PDA

View Full Version : [Scrum] Scrum half going back 5m



chbg
20-10-16, 23:10
A new one yesterday in a BUCS match: the non-throwing SH started in the traditional position next to his oppo; as soon as the ball was in, he retreated at high speed back to the offside line 5m behind the rearmost foot. Would you allow that?


It is the offside line for "players not in the scrum" (20.12g). However he did not go to the opposite side of the scrum and step in front of the back foot (20.12d); nor did he move away from the scrum and step in front of the hindmost foot (20.12e).


I allowed him to do it, which seems to be right, although in retrospect I could have advised him that he did not need to go so far back. Until recently, didn't SH have to remain 'close' to the scrum, rather than anywhere across the pitch behind the hindmost foot?


In the 2nd Half, his scrum then won the ball AFTER he had retreated back to the 5m line. He immediately came forward to take it from the back of the scrum. For me that was offside in front of the 5m line (the ball was still at No 8's feet). He had taken himself away from the scrum (there doesn't have to be a SH (20.12f), so for me could not join/re-join halfway through. It was too quick for me to prevent him playing the ball, so I penalised. The other team scored from the PK!

On query, his skipper was fully content with my explanation that he had 3 options: follow the other SH; stay at the hindmost foot; or stay back 5m.

Strangely enough he didn't go back 5m any more! However perhaps I was over-jealous in not allowing him to come forward, as his off-side line was only ever the hindmost foot?

Grateful for opinions in case it ever arises again. I also have contact with the coach and will advise him of our considered forum position. The skipper did advise me in the PMB that they might not contest at the line-out; this would also be something unusual of which they could advise the referee in advance.

Phil E
20-10-16, 23:10
He can retreat to the 5m offside line for other players if he wishes, but he then becomes one of those other players and can't come forward again. You were correct to penalise him.

If he stays with the scrum he must remain within 1m or retreat to the back foot, from where he can traverse across the pitch, but not cone forward of the back foot, which is his offside line if he doesn't follow the ball round.

ChrisR
20-10-16, 23:10
I think you've thought it through correctly.

No, he didn't have to retreat to the 5m. And, if he had only retreated to the hind foot but moved away from the scrum would you have allowed him to return to play the ball when his team won it? Yes, you would and so would I so i agree that you were overly strict in prohibiting him from returning from 5m away.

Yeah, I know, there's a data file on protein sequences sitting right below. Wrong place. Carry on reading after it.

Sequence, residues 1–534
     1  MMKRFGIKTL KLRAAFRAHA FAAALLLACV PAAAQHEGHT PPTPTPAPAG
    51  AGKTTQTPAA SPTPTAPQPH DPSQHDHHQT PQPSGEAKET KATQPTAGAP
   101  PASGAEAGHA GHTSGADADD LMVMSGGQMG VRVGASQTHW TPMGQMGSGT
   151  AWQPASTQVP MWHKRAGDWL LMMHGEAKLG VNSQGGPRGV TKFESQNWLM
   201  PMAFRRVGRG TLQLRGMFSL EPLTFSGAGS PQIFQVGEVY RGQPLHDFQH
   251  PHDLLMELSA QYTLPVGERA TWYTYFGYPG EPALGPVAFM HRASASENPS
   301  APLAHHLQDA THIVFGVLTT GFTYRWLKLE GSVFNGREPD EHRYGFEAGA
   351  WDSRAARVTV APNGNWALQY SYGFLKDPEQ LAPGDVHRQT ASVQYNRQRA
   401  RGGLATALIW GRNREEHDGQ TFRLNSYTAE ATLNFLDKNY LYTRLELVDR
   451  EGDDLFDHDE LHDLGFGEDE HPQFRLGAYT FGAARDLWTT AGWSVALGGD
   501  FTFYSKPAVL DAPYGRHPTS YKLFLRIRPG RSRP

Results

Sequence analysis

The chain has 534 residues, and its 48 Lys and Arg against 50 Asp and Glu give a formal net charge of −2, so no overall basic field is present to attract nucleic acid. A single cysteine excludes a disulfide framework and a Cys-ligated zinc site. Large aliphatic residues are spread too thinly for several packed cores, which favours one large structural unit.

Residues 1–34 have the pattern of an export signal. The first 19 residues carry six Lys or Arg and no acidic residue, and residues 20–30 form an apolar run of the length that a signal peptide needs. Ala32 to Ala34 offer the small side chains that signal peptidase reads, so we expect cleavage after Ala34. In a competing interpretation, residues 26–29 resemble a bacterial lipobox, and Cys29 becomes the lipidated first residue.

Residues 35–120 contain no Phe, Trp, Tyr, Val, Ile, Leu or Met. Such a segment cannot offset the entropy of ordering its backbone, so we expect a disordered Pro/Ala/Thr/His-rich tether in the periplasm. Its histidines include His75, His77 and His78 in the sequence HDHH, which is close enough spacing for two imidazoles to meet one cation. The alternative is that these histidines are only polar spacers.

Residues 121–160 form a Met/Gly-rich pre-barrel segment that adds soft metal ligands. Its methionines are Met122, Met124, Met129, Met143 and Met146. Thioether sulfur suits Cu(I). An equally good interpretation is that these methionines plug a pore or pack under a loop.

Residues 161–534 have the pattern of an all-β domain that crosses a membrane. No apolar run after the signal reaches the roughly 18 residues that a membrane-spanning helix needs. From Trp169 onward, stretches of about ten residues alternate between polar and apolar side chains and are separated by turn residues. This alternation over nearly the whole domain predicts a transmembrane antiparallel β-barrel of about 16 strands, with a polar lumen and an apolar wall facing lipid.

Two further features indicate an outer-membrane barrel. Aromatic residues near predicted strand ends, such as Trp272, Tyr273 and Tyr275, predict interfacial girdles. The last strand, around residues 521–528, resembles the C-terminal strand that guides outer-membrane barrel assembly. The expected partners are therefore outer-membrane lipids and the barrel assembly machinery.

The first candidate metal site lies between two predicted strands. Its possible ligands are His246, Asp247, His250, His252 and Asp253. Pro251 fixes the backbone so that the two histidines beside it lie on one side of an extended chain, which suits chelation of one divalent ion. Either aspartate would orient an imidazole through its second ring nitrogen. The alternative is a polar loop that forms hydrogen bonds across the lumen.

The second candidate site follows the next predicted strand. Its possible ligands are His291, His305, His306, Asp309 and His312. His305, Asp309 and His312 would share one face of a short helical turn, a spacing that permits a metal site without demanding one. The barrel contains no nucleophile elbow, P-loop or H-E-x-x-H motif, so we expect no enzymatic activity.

Now, I'm not sure of the law if he had started 5m away and then encroached.

didds
20-10-16, 23:10
I can't even think of a reason for him to go back to the 5m line - especially on his own ball!

I'd really womnder if he has played SH much at all? Or if not if he does it in most games, what on earth is his coach doing?

bizarre.

Didds

PS I agree - PK him for encroaching. He'll learn quicker that way!

DocY
21-10-16, 08:10
I can't even think of a reason for him to go back to the 5m line - especially on his own ball!


Not knowing the laws, I expect.

FWIW, I think you were a bit harsh penalising him for re-joining (I'm assuming this wasn't a top-level game here). I can't see how it's material and certainly not an advantage for him - had he only retreated 4 and a half meters, he'd have been fully entitled (in law) to go back to the scrum. A good case for ATP.

DocY
21-10-16, 08:10
Now, I'm not sure of the law if he had started 5m away and then encroached.

Definitely offside - 20.12 (a) - and as I can only see this arising when you'd just asked "where's the scrum half?" "we want him as an extra 3/4" it'd be far more deserved.

merge
21-10-16, 11:10
Do you have a law reference for the scrum half's offside line becoming 5m back? 20.12(a) defines where they must start, but the rest of 20.12 defines the offside lines for the SH (in the first case 20.12(e) applies - the back foot, while the second 20.12(b) - in front of the ball - as they are the team in possession.) Though a team doesn't need a SH, this player clearly is the SH as they started next to the scrum.

20.12(g) is the 5m offside line for "Players who are not in the scrum and who are not the team’s scrum half".

Literally reading the laws a team could nominate any of the back line as "scrum half" starting 5m back - 20.12(a) only states a starting point, 20.12(f) says it any player can be SH - and advancing to the back foot - 20.12(e). I suspect this isn't what 20.12(a) was actually trying to say.

DocY
21-10-16, 11:10
Do you have a law reference for the scrum half's offside line becoming 5m back? 20.12(a) defines where they must start, but the rest of 20.12 defines the offside lines for the SH (in the first case 20.12(e) applies - the back foot, while the second 20.12(b) - in front of the ball - as they are the team in possession.) Though a team doesn't need a SH, this player clearly is the SH as they started next to the scrum.